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    No, but I will. Thanks.
     
  8. Nosybear

    Nosybear Well-Known Member

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    This is where we diverge from the cookbook approach to making beer: There are reasons to do either, to treat the entire volume of water or to only treat the mash water. And if you don't know them, you may pick the wrong one. So here's Nosy's extremely simplified approach to brewing water: Make sure you have 50-100 ppm of calcium. This is to help your beer clarify. Then make sure your mash pH is within a point or two of 5.4. You can do this with additional salt additions, or by using acid, either as solution or as acidulated malt. If you want the mineral flavor to come through, treat the entire batch; otherwise, simply treat the mash water. If you're batch sparging, it's unlikely you'll need to acidify the water, although I do anyway as risk reduction. And always, always dechlorinate or use chlorine-free water.
     
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  9. Brewer #195813

    Brewer #195813 New Member

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    Thanks!

    'If you're batch sparging, it's unlikely you'll need to acidify the water...'

    Why is that? Is the prescribed pH purely for mashing purposes?
     
  10. Nosybear

    Nosybear Well-Known Member

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    Yes. The pH is strictly the mash pH. There are a couple of rules when it comes to sparging to avoid astringency: Never let the pH rise above 6 or the gravity fall below 1.01. As I mentioned, I acidify my sparge water to pH 5.4, approximately, for two reasons: I want to minimize the risk of astringency - I have a pretty good set of tastebuds so a lot of things guys in my homebrew club don't notice, I do - and I like my beers a bit on the tart side. Not sour, that's the 3.6 pH range for uncarbonated, finished beer, but tart, at or below pH 4.4. Routine batch sparging never raises the pH or lowers the gravity above/below the critical points, so unless your water is way out there, there's no real need to acidify the sparge. I just like the risk reduction aspect.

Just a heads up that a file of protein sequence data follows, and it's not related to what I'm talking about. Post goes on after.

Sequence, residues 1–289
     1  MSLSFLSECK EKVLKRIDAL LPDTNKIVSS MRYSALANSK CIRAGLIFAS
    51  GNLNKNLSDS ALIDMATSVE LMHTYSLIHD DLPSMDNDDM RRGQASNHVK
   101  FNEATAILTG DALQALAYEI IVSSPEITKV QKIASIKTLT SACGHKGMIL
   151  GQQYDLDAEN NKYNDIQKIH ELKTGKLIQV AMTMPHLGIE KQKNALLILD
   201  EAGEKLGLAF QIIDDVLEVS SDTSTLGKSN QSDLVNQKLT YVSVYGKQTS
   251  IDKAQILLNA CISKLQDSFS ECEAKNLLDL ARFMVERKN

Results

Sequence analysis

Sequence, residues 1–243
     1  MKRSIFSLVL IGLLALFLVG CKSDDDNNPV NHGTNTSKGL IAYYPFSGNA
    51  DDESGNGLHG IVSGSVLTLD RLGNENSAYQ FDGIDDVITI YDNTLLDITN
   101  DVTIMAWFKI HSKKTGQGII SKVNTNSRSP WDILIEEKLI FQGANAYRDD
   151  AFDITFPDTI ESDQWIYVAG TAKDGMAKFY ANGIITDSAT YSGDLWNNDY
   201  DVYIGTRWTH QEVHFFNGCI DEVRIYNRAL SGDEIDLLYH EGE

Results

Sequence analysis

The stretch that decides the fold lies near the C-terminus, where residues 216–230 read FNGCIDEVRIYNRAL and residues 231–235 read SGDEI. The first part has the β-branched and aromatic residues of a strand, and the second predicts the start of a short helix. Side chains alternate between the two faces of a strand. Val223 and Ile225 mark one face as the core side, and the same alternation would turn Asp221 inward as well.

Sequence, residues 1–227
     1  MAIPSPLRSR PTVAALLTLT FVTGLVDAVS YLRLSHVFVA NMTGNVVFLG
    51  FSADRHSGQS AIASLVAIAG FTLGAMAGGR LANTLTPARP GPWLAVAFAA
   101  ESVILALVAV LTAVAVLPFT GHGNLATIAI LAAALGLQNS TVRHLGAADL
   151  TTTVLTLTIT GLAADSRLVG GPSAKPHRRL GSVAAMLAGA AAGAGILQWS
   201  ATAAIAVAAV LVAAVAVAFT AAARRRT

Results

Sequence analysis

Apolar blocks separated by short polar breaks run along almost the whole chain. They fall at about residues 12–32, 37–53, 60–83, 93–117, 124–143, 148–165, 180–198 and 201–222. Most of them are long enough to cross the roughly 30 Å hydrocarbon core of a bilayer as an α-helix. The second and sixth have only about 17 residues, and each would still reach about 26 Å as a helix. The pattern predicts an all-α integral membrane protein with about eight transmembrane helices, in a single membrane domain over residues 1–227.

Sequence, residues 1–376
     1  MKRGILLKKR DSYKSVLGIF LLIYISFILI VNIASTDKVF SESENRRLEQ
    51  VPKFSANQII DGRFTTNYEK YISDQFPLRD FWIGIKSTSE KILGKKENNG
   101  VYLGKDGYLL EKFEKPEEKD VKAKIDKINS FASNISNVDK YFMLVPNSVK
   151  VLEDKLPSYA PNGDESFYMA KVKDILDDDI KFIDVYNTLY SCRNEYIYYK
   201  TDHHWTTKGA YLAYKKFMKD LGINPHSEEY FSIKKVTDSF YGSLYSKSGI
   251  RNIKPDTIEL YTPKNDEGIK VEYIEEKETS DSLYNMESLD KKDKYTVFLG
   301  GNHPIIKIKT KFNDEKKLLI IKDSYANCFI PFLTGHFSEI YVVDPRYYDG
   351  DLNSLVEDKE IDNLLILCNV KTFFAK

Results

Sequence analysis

You can choose whether to add salts to the mash, to the entire water volume, in the kettle, it all depends on the outcome you want. I recently did a Yuengling clone and, side-by-side with the original, discovered my water wasn't "minerally" enough. Next batch, more gypsum added in such a way it becomes part of the flavor profile, not just to control residual alkalinity. Key there is I know why I'm doing it. Water chemistry is a refinement step, kind of like that final pinch of salt in a recipe. For now, keep your mash pH around 5.4, acidify your sparge water to 5.6 or below and be sure to dechlorinate. You'll learn the "why" later, and can make more informed decisions about how to treat your water.
     
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  11. Brewer #195813

    Brewer #195813 New Member

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    Excellent, thanks very much indeed.